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UK Government research shows drone technology can boost economy and benefit society

The results of a new study from UK Research and Innovation have today been released, with analysis suggesting that in the majority of use cases there are significant potential benefits associated with the use of drone and advanced air mobility technologies.

Using drones and electric aircraft – from remote maintenance to connecting people with mail, medicine and each other – could bring significant potential benefits to the UK economy, according to a new report published today.

Delivery by drone is set to become a new ‘normal’.

Analysis in the Future Flight Challenge Socio-economic study found that switching to these new technologies could be up to 48% cheaper, deliver faster journey times and improve worker safety when compared to current methods.

The study comes after Drone Defence were recently awarded a Future Flight grant, to develop drone detection technology as part of UK Government’s ‘Future Flight Challenge’.

To support the widespread and safe use of new aviation technologies, UK Research and Innovation’s Future Flight Challenge wanted to understand the potential costs and benefits of different applications.

The Future Flight Challenge asked PwC to undertake a socio-economic study that could be used to assess six different use cases which represent potentially valuable applications of new aviation technologies:

  • Using a drone to inspect a 220km powerline in Scotland which at one point runs more than 2,500ft above sea level rather than sending a two-person team.
  • Delivering mail from Inverness to Kirkwall in Scotland by cargo drone instead of using a normal cargo plane.
  • Using a drone to deliver medicine from a pharmacy direct to patient homes instead of using a car.
  • Using a battery powered sub-regional air taxi instead of the train to travel between York and Preston.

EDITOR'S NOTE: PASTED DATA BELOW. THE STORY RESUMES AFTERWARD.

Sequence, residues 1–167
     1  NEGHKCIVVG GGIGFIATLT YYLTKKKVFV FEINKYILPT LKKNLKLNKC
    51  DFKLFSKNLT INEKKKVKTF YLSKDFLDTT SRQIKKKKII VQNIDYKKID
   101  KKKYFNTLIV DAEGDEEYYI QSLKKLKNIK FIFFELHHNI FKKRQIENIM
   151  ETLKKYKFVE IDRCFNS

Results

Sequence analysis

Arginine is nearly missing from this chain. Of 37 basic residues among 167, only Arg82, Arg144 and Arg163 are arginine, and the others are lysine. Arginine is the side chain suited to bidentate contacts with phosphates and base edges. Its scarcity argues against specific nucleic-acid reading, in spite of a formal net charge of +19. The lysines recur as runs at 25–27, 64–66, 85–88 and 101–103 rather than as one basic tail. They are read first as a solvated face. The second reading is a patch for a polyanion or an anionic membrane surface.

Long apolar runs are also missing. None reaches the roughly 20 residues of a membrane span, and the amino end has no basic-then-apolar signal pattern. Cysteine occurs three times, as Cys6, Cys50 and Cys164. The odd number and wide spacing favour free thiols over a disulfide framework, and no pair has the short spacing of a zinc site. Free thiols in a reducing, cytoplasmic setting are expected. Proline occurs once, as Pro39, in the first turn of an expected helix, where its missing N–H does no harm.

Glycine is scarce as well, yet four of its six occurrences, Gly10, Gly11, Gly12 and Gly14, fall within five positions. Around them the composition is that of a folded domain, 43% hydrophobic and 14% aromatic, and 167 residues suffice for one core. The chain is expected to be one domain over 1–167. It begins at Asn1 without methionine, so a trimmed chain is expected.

• Using a battery powered air mobility vehicle to travel 25km in a rural area instead of using a car.
  • Using a battery powered air mobility vehicle instead of a ridesharing service to travel 10km in a major city.

The study found that using drones to inspect powerlines, deliver mail and medicines could be up to 35% cheaper than by using current methods.

It also found people travelling from York to Preston could significantly benefit from having access to an electric aircraft, with cheaper fares and travel times potentially halved when compared to completing the journey by train.

“This new study from UK Government quite clearly demonstrates the huge potential and benefits of this exciting technology, whilst aligning with some of our own previous research in this field.”

“Safely integrating small autonomous vehicles into general airspace, whilst enabling drones to go beyond visual line of sight through monitored airspace, is crucial to the advancement of an industry set to become extremely valuable to the UK economy.”

“Everything we do is about enabling drone technology and demonstrating its potential. We are excited and honoured to be playing a key role in enabling a sustainable future in which drones change the way we view, interact with and move around our world.”

Richard Gill, Founder and CEO of Drone Defence

Looking ahead, the study could open the door for further analysis to consider the potential size of the market opportunity for each use case, and how sensitive this is to the potential evolution of the costs of the different technologies.

The study has highlighed that considerable opportunity exists for developments in aviation technologies to boost the UK economy and deliver wider societal benefits.

Drone technology has the potential to bring huge economic and societal benefits

“The analysis carried out by PwC has been vital in providing us with the evidence to help shape our funding decisions across a diverse range of projects. There is great potential to be had from these new aviation technologies and I hope that businesses in the sector will be encouraged by these results.”

Future Flight Challenge Director, Gary Cutts

You can read the full study on UK Research and Innovation’s website.